This year I celebrated Pentecost in the prison! No, I was NOT arrested (yet!) but we went there to celebrate an early Vigil with the inmates. It was a very moving celebration. Very fitting because the whole purpose of the work of the Holy Spirit in our lives is to free us from the shackles of our wrongdoing and burst open the self-made penitentiary that we have created.
As I looked around me and saw the suffering of these men, I realized how hard life can be … accidents, drug addictions, anger, dysfunctional families, violence. When the inmates started sharing, I had shivers in my body! Life is beautiful yes… but it can be hard also.
How can we tackle the trials that come in our way? Getting angry or impatient will not solve our problems. Cursing and drinking only complicates more our life. Worrying leads to added frustration. Saint Paul perhaps hits the nail on its head when he recommends wisely, to be ‘patient in tribulation’.
The purposes of God often develop slowly. He has his own timetable that is so different from ours. We want everything done now. Many times He prefers to wait. He cannot be hurried! Some of the greatest missionaries of history devotedly spread the seed of God’s Word and yet had to wait long periods before seeing the fruit of their efforts. Blessed Diego never saw the results of his works in the Marianas.
A well-known preacher, noted for his poise and quiet manners, was seen once pacing tensely in his room, “What’s the trouble, Father?” someone asked him. And the answer was quick in coming, “The trouble is that I’m in a hurry, but God isn’t!”
But this taking-it-easy by God is always for our own good. It took God five days to create the heavens, earth, sun, moon and every living thing; one whole day to fashion man in his image before the fall of man. Ever since the fall, God has been working on restoring us to him. What patience God has toward us!
There is an old traditional Hebrew story that tells us that one evening Abraham was sitting outside his tent when he saw a weary old man, coming towards him. Abraham immediately rushed out, greeted him, and invited him into his tent. There he washed the old man’s feet and gave him food and drink.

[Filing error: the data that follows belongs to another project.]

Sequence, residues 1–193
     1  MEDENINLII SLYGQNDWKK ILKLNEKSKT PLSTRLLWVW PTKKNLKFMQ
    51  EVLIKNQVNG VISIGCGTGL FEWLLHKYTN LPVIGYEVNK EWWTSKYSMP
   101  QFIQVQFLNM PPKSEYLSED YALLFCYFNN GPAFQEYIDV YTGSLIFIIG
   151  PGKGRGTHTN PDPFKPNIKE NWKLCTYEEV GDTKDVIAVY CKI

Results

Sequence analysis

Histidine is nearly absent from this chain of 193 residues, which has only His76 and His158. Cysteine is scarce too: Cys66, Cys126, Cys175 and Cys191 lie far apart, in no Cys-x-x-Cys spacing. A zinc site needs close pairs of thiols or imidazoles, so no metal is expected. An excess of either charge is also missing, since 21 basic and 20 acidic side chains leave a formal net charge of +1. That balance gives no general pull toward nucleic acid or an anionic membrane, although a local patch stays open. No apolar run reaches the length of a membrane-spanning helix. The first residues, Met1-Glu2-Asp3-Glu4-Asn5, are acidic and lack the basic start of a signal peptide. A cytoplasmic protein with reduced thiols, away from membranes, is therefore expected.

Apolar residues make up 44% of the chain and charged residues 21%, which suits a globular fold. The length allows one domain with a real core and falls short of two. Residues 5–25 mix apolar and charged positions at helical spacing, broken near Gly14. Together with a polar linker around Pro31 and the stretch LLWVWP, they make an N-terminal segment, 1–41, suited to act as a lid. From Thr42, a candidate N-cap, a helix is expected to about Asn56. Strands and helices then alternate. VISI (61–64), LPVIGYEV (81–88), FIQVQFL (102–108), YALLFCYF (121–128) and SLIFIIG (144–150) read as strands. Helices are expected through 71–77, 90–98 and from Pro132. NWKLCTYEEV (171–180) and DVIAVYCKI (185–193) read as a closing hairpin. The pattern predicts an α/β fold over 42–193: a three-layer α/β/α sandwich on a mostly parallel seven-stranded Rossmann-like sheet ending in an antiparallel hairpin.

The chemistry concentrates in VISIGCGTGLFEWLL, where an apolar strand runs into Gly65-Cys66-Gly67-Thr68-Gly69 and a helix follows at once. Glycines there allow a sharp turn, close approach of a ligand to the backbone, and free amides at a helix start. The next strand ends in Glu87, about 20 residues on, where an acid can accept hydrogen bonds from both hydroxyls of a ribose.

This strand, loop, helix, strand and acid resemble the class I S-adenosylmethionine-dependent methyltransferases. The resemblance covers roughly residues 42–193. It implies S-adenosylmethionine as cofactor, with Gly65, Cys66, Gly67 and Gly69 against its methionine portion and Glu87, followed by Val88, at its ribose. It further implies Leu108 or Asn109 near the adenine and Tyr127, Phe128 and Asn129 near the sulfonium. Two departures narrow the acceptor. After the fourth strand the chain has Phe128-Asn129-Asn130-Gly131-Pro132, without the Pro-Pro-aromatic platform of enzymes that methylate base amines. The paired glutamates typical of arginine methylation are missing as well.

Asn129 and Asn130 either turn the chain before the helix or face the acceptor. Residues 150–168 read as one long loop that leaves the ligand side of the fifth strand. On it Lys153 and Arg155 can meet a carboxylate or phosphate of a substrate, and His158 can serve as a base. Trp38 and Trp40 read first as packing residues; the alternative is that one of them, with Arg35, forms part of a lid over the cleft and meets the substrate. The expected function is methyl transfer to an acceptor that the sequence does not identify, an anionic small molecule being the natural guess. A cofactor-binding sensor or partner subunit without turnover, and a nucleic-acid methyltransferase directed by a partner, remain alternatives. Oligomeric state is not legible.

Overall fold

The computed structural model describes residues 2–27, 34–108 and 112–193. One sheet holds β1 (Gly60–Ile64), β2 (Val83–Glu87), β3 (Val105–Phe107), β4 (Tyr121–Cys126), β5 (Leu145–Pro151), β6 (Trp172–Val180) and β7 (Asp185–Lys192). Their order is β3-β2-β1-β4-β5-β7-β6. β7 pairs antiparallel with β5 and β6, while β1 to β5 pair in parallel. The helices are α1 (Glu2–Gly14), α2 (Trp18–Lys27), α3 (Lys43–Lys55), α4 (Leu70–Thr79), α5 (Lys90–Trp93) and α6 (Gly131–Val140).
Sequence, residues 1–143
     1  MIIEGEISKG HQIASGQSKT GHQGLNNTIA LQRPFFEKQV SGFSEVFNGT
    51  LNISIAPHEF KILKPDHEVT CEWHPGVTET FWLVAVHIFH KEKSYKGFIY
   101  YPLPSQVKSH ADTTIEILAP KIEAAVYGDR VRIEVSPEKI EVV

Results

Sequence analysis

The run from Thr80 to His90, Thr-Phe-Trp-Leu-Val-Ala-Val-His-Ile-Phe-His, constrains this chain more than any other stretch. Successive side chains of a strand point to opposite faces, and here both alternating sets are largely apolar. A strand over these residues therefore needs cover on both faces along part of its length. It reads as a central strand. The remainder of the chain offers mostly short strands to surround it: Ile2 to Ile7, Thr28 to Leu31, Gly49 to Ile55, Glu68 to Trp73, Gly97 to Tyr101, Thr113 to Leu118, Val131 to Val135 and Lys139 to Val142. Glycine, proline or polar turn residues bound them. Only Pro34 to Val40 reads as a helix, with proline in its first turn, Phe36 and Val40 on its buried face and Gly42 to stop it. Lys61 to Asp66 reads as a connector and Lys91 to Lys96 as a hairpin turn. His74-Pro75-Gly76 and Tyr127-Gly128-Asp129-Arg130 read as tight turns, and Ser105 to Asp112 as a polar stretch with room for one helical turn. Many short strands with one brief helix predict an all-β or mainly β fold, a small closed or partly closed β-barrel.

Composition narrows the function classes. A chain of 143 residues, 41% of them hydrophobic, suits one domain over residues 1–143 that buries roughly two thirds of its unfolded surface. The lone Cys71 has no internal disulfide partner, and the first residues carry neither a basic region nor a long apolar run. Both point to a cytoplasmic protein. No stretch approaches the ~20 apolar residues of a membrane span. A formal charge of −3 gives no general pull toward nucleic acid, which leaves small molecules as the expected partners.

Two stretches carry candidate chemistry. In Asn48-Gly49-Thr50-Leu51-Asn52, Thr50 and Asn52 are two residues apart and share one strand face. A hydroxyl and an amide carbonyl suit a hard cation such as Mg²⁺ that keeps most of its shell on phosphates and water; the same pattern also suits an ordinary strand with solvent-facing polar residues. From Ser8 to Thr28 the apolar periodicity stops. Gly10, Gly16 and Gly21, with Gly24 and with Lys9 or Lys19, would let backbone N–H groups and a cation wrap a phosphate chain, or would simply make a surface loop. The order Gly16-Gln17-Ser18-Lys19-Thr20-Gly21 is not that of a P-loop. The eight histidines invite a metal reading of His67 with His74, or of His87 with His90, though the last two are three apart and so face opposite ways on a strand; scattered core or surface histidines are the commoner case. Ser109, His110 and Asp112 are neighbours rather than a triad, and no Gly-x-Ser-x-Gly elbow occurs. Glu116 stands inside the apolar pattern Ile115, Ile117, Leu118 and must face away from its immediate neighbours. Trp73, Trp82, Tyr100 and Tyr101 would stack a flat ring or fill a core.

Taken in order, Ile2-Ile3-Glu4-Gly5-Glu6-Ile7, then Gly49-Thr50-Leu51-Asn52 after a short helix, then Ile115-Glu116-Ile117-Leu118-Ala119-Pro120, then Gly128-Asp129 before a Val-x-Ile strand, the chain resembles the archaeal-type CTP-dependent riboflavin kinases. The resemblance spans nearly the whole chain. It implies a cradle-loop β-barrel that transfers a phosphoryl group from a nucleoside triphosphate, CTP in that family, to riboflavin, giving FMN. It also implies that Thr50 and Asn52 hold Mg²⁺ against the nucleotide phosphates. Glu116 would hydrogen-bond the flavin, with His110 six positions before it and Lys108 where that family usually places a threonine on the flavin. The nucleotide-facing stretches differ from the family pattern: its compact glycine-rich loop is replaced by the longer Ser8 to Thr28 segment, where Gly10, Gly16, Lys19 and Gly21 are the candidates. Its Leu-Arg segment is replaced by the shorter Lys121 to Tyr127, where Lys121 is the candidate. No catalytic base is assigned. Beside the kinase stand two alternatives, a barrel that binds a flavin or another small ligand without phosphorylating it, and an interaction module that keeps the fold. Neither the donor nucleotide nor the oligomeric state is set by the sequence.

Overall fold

When the old man started eating without saying any blessing, Abraham asked him whether he worships God. The old traveler replied, “I worship fire only and reverence no other god.” When he heard this, Abraham was so incensed that he grabbed the old man by the shoulders, and threw him out his tent into the cold night air.
Soon afterwards, God came looking for the stranger. Abraham replied, “I forced him out because he did not worship you.”
God amazed, simply said, “I have put up with him these eighty years although he dishonors me. Could you not endure him one night!?”
Yes, “patience is the companion of wisdom,” said Saint Augustine. A couple of weeks ago, early in the morning, I met a wise girl. Coming from the airport at 2am (I had just returned to Guam) I took down to my room a copy of the Pacific Voice. On the front page there was this amazing story and this stunning photo of Tash, a young Chamorro girl who passed away just one year ago at the age of fifteen.
“My name is Natasha L. G. Perez. I am twelve years old and I have cancer. This is my story” she writes in an essay. “It all started when my left knee began to ache. My Mom and I thought it was part of the usual growing pains…” It was more serious. Three years followed, three years of pain, joys, traveling to hospitals in Michigan and New York, growth, faith, hope, God…
It was during this time that she wrote an essay for her theology class at the Academy on the Abraham’s test to sacrifice his son. Her conclusion is so perceptive. “But after reflecting about the story more openly, I realized that the moral of the story is: We are not equal to God, God is powerful and the one in charge. We should not question why He does certain things or permits things to happen especially if we don’t know his planned outcome….” Suffering accompanied with patience made Natasha wise.
Ralph Emerson is right. “Patience and fortitude conquers all things.”
(c) Fr. Pius Sammut, OCD. Permission is hereby granted for any non-commercial use, provided that the content is unaltered from its original state, if this copyright notice is included.